Breaking in a New Bow - Why is My Bow "Skating" on the Strings?
When you get your new bow, especially if you have a new bass (or new strings), you should be aware that it will take some time (and a bit of extra rosin-ing) to get the bow "up to speed."
Rosin is the "magic ingredient" that allows us to bow our instrument; a somewhat sticky catalyst that allows otherwise smooth, slick materials (bow hair and a bass string) to "grab" each other and inspire movement. A brand new bow has clean hair that’s never had rosin applied to it. This works against getting great results on a bow you just took out of the box; it takes time to "season" a bow, just like a brand new catcher's mitt needs to be "broken in" before it becomes great.
When you apply rosin to a bow, the friction generates heat. The heat melts the rosin, and the rosin melds itself to the bow hair. When you subsequently run the bow across the strings, the rosin re-heats, and a thin coat of it transfers to the strings. Moving forward, the adhesion between the rosin on the strings and the rosin on the bow allows you to set the strings into motion.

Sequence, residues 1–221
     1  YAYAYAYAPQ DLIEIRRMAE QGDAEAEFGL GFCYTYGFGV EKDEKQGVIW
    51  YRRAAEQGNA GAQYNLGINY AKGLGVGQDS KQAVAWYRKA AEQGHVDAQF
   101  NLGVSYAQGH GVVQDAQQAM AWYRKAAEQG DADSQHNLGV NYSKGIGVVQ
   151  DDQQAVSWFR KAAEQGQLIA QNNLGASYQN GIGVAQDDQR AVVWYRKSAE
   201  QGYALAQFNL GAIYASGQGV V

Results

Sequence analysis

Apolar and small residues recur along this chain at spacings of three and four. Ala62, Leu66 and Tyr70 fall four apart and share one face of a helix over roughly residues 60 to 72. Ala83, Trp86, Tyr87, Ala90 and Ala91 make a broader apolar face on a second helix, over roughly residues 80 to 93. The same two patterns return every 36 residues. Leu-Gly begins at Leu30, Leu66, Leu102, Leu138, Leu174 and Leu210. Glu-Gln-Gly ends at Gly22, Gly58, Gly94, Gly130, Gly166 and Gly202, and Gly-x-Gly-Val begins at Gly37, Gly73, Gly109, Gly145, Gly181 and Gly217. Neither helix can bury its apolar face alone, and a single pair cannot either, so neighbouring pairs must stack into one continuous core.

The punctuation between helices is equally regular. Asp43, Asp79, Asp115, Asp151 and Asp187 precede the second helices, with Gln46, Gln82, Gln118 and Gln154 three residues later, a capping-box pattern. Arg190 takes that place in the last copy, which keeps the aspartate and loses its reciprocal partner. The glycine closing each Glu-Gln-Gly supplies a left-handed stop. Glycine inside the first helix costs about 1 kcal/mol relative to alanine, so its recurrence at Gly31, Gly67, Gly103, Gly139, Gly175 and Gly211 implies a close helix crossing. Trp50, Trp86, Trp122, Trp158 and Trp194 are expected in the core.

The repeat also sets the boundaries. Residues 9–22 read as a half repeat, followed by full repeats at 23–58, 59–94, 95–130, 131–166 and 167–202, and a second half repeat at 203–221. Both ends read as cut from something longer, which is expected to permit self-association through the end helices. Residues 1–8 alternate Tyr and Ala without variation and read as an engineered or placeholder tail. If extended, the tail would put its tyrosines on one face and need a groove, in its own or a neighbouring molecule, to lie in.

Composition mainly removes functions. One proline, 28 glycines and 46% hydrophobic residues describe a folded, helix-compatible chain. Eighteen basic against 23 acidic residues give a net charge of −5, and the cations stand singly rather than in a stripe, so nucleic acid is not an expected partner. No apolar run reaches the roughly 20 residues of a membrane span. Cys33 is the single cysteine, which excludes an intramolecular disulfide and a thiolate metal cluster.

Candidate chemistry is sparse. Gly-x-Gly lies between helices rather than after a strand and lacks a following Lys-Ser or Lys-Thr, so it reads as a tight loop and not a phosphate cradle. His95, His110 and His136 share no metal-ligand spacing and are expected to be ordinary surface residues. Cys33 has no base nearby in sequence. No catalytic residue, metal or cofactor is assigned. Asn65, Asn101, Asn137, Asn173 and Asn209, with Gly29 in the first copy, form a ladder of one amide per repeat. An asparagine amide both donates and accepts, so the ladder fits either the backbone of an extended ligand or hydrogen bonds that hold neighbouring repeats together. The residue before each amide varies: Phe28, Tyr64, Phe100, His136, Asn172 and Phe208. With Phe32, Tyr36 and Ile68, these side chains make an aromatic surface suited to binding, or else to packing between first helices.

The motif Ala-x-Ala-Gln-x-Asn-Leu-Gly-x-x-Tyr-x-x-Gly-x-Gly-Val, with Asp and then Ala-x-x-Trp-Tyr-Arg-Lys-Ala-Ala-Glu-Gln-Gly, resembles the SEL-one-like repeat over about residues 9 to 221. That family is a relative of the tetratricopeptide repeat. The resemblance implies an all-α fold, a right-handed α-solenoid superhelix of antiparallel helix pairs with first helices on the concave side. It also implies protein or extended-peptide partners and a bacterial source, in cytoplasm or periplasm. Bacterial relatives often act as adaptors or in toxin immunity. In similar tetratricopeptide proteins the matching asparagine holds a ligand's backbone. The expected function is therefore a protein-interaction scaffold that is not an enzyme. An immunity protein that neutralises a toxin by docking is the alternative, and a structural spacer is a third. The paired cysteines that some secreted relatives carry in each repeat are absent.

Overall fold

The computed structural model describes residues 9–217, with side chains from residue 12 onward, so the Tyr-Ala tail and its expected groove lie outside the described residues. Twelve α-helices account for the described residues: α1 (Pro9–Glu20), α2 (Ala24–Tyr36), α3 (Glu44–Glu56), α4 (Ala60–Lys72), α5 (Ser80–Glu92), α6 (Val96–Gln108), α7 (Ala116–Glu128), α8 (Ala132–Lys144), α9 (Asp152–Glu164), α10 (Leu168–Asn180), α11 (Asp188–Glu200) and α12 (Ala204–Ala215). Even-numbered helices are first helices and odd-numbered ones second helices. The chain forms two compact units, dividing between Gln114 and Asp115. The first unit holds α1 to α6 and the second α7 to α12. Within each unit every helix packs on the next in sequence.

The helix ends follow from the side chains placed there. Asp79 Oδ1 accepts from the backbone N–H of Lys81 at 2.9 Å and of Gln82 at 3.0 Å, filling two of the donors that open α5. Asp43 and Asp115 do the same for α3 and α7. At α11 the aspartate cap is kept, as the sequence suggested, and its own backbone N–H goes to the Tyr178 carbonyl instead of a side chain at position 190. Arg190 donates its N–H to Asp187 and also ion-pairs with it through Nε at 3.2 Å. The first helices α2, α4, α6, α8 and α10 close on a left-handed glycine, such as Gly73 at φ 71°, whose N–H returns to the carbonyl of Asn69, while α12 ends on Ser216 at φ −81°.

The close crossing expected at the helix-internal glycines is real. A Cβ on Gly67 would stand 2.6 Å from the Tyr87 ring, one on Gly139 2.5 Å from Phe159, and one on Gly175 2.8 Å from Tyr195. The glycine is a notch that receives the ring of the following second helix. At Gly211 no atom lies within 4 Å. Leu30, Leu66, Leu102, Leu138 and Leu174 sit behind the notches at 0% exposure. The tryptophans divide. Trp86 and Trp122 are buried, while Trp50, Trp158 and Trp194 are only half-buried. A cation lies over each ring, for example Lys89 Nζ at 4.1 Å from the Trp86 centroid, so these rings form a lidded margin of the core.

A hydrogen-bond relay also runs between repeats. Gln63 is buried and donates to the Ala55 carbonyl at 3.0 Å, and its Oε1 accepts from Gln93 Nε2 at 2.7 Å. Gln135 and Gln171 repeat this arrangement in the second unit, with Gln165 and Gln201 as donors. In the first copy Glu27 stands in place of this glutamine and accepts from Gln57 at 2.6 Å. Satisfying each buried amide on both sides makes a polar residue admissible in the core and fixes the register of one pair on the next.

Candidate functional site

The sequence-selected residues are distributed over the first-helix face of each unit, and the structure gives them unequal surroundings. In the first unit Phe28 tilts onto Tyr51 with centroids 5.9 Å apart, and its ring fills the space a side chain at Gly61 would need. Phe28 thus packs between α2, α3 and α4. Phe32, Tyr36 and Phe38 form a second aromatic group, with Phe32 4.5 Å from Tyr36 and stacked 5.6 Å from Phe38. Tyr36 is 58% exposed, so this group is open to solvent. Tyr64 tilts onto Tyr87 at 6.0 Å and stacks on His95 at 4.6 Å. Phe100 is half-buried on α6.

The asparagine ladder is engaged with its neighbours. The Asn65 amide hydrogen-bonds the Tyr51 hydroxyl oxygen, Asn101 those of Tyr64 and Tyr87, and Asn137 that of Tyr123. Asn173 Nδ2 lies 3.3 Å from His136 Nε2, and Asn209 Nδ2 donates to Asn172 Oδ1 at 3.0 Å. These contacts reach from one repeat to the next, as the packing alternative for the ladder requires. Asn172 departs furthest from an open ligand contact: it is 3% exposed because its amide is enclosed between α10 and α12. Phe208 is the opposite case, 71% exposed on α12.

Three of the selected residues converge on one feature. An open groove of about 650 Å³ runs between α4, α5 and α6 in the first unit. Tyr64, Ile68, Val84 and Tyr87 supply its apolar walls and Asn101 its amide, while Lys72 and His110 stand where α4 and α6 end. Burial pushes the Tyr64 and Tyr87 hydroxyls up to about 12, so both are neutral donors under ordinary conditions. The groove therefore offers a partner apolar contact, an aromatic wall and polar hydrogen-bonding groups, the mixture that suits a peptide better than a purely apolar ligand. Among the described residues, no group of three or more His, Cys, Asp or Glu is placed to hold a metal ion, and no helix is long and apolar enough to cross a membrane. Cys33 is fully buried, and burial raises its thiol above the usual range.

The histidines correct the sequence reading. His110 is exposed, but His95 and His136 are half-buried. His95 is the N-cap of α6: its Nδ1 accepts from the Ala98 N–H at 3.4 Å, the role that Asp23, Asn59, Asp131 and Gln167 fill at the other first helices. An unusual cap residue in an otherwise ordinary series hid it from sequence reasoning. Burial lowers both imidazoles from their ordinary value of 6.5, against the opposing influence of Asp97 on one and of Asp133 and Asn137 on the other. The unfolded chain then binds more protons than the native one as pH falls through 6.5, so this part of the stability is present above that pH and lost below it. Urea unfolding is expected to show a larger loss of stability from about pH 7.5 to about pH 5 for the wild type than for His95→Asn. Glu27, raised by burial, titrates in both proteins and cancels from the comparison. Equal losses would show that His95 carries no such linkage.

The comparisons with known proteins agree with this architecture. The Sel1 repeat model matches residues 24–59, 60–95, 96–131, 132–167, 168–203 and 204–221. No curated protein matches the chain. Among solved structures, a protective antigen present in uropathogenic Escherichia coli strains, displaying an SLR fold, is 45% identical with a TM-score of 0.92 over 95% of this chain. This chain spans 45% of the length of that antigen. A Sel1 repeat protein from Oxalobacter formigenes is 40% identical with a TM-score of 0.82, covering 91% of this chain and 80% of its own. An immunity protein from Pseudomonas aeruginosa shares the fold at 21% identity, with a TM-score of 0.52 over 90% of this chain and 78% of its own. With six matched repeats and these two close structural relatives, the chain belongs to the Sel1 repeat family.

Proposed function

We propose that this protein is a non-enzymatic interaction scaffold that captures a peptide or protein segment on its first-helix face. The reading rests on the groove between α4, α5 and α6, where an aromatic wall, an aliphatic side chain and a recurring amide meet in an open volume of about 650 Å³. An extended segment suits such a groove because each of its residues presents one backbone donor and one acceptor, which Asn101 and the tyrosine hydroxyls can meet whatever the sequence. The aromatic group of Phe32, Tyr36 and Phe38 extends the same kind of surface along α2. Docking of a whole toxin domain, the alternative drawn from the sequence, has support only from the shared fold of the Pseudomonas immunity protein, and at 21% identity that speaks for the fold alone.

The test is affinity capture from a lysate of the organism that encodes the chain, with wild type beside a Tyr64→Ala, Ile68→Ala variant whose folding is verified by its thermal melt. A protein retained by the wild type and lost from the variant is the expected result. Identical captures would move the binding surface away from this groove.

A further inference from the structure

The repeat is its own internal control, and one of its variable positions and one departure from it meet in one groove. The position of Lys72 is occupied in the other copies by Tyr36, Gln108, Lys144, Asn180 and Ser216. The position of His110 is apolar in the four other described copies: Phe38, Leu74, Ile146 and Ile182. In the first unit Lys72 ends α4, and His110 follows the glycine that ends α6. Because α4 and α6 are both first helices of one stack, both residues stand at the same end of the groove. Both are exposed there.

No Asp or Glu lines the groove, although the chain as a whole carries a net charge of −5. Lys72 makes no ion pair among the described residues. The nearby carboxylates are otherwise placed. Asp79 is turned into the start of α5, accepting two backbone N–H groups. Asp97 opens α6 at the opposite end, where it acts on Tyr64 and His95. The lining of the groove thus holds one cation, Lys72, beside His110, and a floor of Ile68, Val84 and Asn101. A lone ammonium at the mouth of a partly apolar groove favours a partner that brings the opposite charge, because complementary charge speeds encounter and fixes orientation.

In the future, that "base coat" will be so good, that you might not need to grab a swipe or two of rosin before beginning to play, especially if you play often. But with a brand new bow that isn't there yet, you'll probably need to over-apply a bit until you get to that level, which takes time and persistent play; and before it becomes fully “seasoned” it will skate and fail to grip as well as it “should.”
So trust me – it will likely be a little frustrating at first, particularly if you're new to arco; but as you work with it, it will improve. Just use a swift, firm stroke as you’re applying the rosin to the bow, that should help generate the heat needed to more quickly “coat” the hair well and smoothly. Once you get over the hump, it'll all be easier from there!
We include our original tip sheet with every bow and cake of rosin we sell; additional tips for use, storage, and care will be included with your order!